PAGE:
Those two Thunderbolt ports are pretty important, partly because you can daisy chain numerous peripherals on the same port, partly because of Thunderbolt's breathtaking speed (double USB 3.0 in 'theoretical' terms), but mainly because they mean you could drive two further monitors at up to 2,560 x 1,600 - a prospect so tantalising our inner geek is doing somersaults at the very idea.

Sticking to more grounded items, our particular 2013 iMac came with a small standard keyboard and the Magic Mouse. The former is an excellent keyboard and there's the option for a large one with a numeric keypad at no extra cost. The latter, however, is a mixed affair. It's a reasonable compromise for anyone who can't countenance the idea of using a trackpad, but we strongly prefer (and recommend) the Magic Trackpad (a wireless version of a MacBook trackpad) instead. It costs no more and works seamlessly with the various gestures supported in Mac OS.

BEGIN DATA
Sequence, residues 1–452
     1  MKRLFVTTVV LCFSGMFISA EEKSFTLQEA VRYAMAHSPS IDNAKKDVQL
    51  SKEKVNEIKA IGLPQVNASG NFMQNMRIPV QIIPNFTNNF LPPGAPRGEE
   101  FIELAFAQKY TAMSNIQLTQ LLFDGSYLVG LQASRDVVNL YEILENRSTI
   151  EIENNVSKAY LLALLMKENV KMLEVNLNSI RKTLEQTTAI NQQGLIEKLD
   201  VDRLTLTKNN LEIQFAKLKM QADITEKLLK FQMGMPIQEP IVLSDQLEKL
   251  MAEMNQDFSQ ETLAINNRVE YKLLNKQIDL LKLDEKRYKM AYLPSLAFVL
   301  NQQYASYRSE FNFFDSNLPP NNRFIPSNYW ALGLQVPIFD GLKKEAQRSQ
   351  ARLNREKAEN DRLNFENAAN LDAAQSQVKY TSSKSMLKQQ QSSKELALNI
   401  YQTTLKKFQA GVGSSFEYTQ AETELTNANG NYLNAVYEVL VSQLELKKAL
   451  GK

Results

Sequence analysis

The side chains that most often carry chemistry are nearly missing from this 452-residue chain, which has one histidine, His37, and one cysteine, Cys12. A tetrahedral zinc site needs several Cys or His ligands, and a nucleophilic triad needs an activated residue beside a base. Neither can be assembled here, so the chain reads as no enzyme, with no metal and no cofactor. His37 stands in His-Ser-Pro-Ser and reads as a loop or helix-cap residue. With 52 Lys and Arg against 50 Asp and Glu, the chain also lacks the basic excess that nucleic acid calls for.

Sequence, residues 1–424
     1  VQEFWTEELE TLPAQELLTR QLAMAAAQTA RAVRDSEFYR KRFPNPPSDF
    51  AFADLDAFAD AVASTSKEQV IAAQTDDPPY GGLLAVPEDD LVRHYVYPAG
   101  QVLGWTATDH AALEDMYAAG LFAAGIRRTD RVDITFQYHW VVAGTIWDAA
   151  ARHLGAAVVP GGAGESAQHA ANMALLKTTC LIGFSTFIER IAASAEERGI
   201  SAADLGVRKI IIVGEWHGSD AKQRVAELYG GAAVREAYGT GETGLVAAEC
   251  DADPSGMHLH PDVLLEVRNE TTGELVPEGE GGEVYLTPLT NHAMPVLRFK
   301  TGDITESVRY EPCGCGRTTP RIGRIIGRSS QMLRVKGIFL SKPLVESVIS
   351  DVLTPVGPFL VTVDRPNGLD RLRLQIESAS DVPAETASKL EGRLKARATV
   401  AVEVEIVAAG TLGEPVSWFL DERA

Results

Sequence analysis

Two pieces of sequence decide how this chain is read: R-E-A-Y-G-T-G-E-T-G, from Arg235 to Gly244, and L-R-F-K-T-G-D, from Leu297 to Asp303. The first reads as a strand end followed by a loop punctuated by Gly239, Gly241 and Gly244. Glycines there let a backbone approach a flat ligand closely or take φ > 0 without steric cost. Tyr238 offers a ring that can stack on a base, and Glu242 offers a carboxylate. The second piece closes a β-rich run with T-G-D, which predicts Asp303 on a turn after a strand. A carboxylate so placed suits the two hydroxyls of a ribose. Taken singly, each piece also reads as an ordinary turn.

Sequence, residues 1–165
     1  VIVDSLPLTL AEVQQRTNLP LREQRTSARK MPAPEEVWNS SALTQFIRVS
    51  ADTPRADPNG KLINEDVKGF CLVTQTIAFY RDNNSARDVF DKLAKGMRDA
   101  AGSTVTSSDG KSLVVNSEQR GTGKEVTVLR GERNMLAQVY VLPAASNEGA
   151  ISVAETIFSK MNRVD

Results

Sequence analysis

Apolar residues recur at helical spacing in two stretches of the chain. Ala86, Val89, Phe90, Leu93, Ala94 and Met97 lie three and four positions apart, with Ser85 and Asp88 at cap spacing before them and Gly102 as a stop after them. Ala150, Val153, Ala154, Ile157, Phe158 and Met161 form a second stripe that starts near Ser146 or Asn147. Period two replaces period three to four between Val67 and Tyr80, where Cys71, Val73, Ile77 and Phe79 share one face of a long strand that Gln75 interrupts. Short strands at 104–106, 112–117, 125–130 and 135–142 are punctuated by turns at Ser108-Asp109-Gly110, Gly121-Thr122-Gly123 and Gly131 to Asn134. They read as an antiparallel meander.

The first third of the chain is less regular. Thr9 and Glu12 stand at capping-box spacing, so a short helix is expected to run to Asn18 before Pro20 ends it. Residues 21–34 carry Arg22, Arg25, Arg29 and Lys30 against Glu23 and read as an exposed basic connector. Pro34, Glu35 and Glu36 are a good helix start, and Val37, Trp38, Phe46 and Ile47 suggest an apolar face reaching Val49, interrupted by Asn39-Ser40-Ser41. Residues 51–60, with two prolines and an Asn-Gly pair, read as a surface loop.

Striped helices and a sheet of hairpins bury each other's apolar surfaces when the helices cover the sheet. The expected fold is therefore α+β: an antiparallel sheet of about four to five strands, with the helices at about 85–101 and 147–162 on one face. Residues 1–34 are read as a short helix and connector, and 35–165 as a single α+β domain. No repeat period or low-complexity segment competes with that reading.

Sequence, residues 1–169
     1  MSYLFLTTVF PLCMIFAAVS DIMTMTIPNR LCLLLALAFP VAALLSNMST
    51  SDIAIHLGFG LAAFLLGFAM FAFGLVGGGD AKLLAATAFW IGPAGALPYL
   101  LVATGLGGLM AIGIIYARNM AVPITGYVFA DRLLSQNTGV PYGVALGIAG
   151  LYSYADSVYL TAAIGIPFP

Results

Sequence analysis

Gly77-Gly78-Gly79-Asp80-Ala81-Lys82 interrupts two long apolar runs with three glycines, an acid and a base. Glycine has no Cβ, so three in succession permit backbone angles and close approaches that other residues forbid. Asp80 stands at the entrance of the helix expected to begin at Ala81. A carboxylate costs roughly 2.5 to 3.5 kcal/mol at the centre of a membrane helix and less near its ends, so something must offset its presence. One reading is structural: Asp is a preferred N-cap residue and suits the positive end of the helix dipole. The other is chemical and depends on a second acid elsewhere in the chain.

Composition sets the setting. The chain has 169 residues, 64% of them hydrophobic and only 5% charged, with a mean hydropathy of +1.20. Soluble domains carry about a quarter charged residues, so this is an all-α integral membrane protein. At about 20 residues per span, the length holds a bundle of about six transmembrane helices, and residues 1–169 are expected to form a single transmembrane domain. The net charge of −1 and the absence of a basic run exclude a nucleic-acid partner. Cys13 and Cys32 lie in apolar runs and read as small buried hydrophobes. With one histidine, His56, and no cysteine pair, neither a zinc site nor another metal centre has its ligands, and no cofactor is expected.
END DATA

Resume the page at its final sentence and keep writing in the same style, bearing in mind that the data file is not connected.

Apple iMac 27-inch (2013): Screen Quality

The size of the 27-inch iMac means the screen is the first thing most people notice. Its 2,560 x 1,440 resolution is very high, not 'retina' high but that's not a realistic expectation with a screen this size as making it 'retina' would be extortionately expensive. It might happen in future, but not right now.

As with our monitor reviews, we broke out our Xrite i1 Display Pro 2 to get an idea of how the screen measures up. The result is very good, albeit with one small caveat.

The default colour temperature of our review sample was 6,730K, which is only a little off the 6,500K benchmark (nothing a little tuning can't fix) and the contrast ratio 1147:1 is among the best we've seen lately - only the 3,200:1 BenQ GW2760HS (a VA-based monitor) has recorded much above 1,000:1 in our recent testing.